To compete and thrive in the 21st century, democracies, and the United States in particular, must develop new national security and economic strategies that address the geopolitics of information. In the 20th century, market capitalist democracies geared infrastructure, energy, trade, and even social policy to protect and advance that era’s key source of power—manufacturing. In this century, democracies must better account for information geopolitics across all dimensions of domestic policy and national strategy.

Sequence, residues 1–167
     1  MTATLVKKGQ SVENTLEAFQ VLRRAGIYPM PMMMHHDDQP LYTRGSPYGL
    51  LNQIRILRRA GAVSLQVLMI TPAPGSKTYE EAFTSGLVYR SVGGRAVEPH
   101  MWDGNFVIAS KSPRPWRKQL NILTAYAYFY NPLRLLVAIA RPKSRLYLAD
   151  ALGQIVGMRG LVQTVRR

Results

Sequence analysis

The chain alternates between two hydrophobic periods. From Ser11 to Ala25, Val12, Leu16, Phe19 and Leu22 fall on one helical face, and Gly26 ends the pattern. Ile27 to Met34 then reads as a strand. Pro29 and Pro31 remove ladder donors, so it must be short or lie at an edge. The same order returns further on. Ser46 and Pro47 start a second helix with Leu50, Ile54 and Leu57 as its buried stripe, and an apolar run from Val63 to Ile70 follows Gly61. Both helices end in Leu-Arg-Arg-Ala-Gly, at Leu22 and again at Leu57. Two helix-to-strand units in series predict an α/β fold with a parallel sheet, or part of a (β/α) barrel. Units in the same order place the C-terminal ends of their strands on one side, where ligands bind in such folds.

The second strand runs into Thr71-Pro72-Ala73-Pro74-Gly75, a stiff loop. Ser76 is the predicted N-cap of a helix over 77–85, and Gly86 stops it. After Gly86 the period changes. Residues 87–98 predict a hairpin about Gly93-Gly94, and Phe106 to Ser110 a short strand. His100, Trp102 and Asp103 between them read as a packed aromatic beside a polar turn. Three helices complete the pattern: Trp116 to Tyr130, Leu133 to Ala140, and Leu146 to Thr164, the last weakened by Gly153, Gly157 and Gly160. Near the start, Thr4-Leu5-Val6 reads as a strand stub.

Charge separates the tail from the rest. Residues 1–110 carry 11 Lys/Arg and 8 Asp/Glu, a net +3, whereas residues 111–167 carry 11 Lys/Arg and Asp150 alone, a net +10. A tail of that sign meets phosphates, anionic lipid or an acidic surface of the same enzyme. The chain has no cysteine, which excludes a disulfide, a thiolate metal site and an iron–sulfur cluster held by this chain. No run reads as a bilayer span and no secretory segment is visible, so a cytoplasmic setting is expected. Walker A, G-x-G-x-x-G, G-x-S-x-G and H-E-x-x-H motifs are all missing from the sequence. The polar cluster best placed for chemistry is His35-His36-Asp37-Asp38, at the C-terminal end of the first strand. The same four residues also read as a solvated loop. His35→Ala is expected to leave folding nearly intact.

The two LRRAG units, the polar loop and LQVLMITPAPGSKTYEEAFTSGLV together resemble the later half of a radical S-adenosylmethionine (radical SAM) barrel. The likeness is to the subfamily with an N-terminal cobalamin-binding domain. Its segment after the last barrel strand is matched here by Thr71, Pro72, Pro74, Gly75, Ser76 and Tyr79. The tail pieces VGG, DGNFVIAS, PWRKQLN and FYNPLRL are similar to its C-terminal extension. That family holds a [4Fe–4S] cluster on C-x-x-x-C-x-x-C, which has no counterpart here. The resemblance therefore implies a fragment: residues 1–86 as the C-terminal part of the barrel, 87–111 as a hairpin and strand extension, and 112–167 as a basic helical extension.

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Former Associate, Cyber Security Project, 2014–2016; Former Research Fellow, Cyber Security Project, 2013–2014; Former Research Fellow, Cyber Security Project/International Security Program, 2011–2013
Current Affiliation: Associate Professor of International Relations, Senior Lecturer/Director, Centre for Technology and Global Affairs, Co-Director, Centre for Doctoral Training in Cyber Security, Oxford University, United KingdomLast Updated: May 27, 2019, 12:11pm